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First Report of Kufor-Rakeb Syndrome (PARK 9) from India, and a Novel Nonsense Mutation in ATP13A2 Gene

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Authors: L.K. Prashanth, Sakthivel Murugan, Vikram Kamath, Ravi Gupta, Rakesh Jadav, S. Sreekantaswamy and Vedam L. Ramprasad

Article first published online:9 MAY 2015 | DOI: 10.1002/mdc3.12175

To the Editor:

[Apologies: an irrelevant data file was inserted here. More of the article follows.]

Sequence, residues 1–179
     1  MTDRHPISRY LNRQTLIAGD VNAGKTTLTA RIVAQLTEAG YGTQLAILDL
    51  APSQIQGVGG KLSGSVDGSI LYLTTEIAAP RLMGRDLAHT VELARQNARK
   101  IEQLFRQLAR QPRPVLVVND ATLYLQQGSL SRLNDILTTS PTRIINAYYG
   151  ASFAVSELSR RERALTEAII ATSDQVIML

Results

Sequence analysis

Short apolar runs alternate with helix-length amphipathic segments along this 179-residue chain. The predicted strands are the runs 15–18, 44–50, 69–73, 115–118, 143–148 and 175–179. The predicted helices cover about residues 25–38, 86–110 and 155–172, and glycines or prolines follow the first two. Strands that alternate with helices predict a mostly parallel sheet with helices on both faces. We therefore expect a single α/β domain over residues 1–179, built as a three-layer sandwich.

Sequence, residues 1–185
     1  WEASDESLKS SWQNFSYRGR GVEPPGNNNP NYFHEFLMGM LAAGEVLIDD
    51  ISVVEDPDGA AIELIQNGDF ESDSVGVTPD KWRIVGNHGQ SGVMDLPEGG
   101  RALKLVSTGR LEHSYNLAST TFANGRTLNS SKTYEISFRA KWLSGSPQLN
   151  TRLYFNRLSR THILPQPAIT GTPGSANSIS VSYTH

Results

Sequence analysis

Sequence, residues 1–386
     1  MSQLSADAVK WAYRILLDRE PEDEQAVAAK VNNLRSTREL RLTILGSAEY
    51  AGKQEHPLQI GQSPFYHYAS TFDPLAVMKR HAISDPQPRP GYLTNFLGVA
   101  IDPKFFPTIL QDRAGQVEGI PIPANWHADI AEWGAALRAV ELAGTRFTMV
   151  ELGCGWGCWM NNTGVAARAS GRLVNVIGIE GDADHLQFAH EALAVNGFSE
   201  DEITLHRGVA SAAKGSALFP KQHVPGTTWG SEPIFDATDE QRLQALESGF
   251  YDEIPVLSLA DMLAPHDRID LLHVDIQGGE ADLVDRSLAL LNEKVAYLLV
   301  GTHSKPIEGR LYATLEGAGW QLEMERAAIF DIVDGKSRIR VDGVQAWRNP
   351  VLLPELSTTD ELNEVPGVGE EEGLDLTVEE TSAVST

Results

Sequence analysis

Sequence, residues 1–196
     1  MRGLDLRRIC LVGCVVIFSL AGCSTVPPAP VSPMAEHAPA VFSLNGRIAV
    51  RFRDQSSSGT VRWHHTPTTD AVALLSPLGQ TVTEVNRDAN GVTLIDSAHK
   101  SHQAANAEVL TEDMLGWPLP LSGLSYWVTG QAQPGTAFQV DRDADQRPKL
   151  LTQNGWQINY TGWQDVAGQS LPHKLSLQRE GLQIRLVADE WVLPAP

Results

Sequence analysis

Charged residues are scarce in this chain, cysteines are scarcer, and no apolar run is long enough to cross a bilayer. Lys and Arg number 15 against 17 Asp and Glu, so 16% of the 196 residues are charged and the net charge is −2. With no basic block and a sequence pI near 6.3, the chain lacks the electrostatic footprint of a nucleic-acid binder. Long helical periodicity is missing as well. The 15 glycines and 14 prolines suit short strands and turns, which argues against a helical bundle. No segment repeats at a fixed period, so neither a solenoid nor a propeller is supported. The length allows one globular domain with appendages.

Kufor-Rakeb syndrome (KRS; PARK 9) is a rare autosomal-recessive form of juvenile-onset Parkinson's disease (PD) caused by ATP13A2 gene mutations. The classical description of KRS is that of rapidly progressive symptoms in the form of parkinsonism, spasticity, supranuclear upgaze paresis, facial-faucial-finger minimyoclonus, visual hallucinations, oculogyric dystonic spasms, and dementia, usually noted between 12 and 16 years of age, resulting in early severe motor handicap.[1] World-wide prevalence of KRS is unknown, with only case reports/series being published.[2, 3] We report on the first case of KRS from India, with previously unreported nonsense mutation in exon 22 of ATP13A2 gene (chr1: 17316187; G>A).